Spending on Healthcare

Regarding healthcare, another argument that I find bizarre is “other developed nations spend a lot less on healthcare and get better results.” This statement doesn’t even attempt to take into account the differences in lifestyle that have an enormous impact on health.

How much physical activity do people in those countries get? How much time do they spend in their cars? What do they eat? What are the portion sizes? How high do they turn up the thermostat in winter? I just saw a photo of a thermostat in a Norwegian family’s home. It’s at 15°C. That’s 59°F. In Norway. In January. My thermostat is at 71°C, even though I know that I should go way down for health reasons.

If you want to have the unhealthiest lifestyle known to humanity and live as long or almost as long as people who have a much healthier diet and habits, then of course you will pay a lot more for healthcare.

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6 thoughts on “Spending on Healthcare”

  1. And then there are just the vast population and topological differences between the US and other developed countries. There are states as big or bigger than European countries. And even when they’ve normalized for that, there’s also the tax differences.

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    1. Exactly. It isn’t even working very well in Canada with its population of 30 million. We have 10 times more people here. And then some if we count illegal immigrants.

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    2. The size of the state is irrelevant when statistics are calculated on percentage or per capita basis. In fact, US per capita spending is double that of the next closest country, and we rank 50th if life expectancy. The huge variation between different parts of the US reflects lifestyle as well as access to doctors and quality of care — life expectancy ranges from 88 years in NYC and the LA area to 59 years in parts of South Dakota, and 67 years in most of the Midwest and South. (Yes, these data are available on a county basis for the US. The map is shown in one of my blog posts.) Now, smog and all, you’re going to tell me that New Yorkers live a healthier lifestyle than folks in Iowa? If not lifestyle, what explains why they go 20 years longer?

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      1. The kind of industrial farming they do in Iowa involves lots of chemical exposure and that’s probably as bad as smog for the people who are exposed to it. Iowa also has pretty bad water quality due to poorly controlled agricultural run off.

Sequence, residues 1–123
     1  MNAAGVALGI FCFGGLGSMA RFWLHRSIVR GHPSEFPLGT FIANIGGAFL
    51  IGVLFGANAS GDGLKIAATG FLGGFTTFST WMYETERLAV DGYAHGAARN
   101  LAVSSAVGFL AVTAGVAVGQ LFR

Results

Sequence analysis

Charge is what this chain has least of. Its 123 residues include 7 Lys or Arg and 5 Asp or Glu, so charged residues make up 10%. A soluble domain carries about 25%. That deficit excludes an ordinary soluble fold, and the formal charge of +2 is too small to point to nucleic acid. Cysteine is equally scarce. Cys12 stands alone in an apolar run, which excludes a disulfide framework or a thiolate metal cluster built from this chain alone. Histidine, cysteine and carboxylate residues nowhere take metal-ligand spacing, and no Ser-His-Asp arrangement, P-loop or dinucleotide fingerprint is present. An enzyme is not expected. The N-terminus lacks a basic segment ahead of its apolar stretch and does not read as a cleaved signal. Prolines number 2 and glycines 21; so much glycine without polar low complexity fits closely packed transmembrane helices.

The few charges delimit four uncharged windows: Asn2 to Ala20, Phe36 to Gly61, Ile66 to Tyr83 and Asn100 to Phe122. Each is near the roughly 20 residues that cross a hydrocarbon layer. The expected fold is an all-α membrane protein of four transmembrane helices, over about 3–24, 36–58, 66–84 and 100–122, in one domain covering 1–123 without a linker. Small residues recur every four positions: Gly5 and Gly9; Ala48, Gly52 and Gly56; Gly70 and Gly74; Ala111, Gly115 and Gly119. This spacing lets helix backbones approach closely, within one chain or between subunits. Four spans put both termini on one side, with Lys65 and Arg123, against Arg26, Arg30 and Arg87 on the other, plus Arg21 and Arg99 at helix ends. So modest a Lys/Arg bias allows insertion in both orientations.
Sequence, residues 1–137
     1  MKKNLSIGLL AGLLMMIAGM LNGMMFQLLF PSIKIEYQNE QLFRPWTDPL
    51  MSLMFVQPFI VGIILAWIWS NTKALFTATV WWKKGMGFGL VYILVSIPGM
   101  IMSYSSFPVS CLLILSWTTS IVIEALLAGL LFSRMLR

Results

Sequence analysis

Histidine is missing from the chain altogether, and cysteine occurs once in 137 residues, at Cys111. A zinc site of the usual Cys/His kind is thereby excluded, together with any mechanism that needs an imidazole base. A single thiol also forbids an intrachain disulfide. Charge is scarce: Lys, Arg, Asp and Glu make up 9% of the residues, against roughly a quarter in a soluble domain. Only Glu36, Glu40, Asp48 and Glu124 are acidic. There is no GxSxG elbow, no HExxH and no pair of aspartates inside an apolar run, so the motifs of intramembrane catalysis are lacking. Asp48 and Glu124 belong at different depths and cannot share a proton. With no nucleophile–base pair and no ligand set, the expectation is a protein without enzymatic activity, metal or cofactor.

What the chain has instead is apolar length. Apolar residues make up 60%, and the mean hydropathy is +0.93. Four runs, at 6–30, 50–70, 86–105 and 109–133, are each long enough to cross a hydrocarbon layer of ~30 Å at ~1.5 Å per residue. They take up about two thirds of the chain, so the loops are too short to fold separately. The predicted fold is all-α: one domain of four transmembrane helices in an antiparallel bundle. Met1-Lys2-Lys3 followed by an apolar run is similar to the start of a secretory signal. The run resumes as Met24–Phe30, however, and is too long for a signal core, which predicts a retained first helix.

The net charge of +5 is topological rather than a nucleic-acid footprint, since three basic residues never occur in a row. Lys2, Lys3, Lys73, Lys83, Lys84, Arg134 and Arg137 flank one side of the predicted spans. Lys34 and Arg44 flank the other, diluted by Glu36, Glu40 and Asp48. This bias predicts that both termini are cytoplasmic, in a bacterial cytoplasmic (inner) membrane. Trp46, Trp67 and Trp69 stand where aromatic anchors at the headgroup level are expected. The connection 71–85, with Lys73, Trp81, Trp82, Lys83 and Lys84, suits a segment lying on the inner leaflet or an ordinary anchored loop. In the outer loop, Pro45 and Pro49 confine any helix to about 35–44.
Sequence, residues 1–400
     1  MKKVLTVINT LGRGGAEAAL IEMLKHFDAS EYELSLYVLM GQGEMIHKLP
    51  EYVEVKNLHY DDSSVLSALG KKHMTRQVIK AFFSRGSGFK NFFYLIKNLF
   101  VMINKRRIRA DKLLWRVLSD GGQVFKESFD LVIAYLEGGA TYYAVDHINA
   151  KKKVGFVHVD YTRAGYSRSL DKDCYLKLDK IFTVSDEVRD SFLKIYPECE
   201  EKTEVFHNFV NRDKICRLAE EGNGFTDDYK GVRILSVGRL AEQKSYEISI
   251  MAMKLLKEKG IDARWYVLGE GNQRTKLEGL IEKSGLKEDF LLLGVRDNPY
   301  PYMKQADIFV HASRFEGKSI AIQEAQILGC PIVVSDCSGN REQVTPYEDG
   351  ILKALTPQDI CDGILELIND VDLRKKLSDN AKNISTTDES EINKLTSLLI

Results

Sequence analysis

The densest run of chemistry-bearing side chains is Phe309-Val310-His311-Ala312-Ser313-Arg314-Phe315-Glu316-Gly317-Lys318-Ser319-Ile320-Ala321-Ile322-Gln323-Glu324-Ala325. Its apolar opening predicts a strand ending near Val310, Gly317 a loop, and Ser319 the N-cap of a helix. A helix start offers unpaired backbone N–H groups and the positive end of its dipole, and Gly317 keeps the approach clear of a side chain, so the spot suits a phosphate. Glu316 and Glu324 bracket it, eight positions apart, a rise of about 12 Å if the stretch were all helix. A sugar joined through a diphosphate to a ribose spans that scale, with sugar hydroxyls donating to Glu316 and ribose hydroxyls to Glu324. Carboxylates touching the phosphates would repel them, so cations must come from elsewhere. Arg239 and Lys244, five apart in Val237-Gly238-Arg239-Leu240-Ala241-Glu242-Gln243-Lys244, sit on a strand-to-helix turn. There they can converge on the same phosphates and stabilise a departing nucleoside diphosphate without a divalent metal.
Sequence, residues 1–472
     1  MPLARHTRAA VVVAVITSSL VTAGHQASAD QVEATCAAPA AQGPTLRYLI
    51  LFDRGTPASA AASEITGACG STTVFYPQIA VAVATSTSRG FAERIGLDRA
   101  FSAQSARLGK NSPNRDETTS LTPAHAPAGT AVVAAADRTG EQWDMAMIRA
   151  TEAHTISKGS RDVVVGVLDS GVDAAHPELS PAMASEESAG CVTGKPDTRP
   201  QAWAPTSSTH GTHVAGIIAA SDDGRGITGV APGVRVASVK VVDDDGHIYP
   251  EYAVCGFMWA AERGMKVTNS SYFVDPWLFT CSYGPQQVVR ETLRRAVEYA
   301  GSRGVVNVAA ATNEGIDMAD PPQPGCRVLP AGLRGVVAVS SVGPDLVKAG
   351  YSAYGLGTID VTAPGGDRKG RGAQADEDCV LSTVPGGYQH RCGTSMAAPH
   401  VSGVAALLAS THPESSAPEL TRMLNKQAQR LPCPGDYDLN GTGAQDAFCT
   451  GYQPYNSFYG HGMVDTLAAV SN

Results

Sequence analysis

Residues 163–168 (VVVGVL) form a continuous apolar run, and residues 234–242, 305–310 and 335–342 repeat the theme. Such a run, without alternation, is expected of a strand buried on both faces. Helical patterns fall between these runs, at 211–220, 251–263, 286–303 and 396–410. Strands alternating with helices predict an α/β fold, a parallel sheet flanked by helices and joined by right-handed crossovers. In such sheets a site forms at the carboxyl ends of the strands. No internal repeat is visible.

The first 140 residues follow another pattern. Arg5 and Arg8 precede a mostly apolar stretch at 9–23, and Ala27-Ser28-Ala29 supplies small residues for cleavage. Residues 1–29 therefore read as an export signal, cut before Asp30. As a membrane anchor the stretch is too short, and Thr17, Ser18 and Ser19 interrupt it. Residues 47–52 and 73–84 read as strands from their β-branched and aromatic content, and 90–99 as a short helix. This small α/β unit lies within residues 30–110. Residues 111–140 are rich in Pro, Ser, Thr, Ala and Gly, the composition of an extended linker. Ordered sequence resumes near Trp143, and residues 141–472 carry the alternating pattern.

Access to medical care is also not great in rural areas and people are much more likely to die in critical situations. Imagine you had a heart attack, or a stroke, or a serious car or tractor accident in a place like rural Ringgold County, Iowa with a population just over 5,000 people, a 16 bed hospital, and at least an hour and a half drive to any place substantially larger. How long does it take someone to find you? How long does it take an ambulance to get there and get you to the county’s tiny local hospital? Will the emergency doctor who happens to be on duty (there is probably only one) have the right expertise and the right equipment and the right drugs for your problem? Can they stabilize you well enough for you to survive the helicopter flight to a proper hospital?

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      2. It matters when it comes to implementation. Countries that have these successful universal healthcare systems are all a hell of a lot smaller than the US — both topologically and population-wise.

        And yes, different areas of the states have very different populations. Take your example of NYC vs Iowa, disregarding pollution effects. NYC has a hell of a lot more access to public transportation. There are a lot of cars on the road, but relatively few people own them, if you look at the population as a whole. Iowa has about a third the population of NYC, and is spread over more area. So right there, you have more transportation issues. A lot of people have cars. There’s more highway space spread over the state, and fewer areas where people can just walk places. Since towns and cities are smaller and more spread out, people in Iowa won’t have access to the same kinds or qualities of food as people in NYC to the same amounts. You also have to take into account the amount spent on public health awareness, which is very high in NYC and likely a fair bit lower in Iowa. The average winter temperatures in Iowa are also a bit lower than those in NYC, which means more spent on heating and electricity for your average person. They also get more snow.

        Also, your stats are a little off. Your NYC stats are not the average for NYC, which is actually closer to the NYS average (about 76). Rather, the 88 figure is in one particular area of NYC, where people tend to be wealthier. Which means they have more access to different food, different and more specialized healthcare (without paying through the nose), etc.

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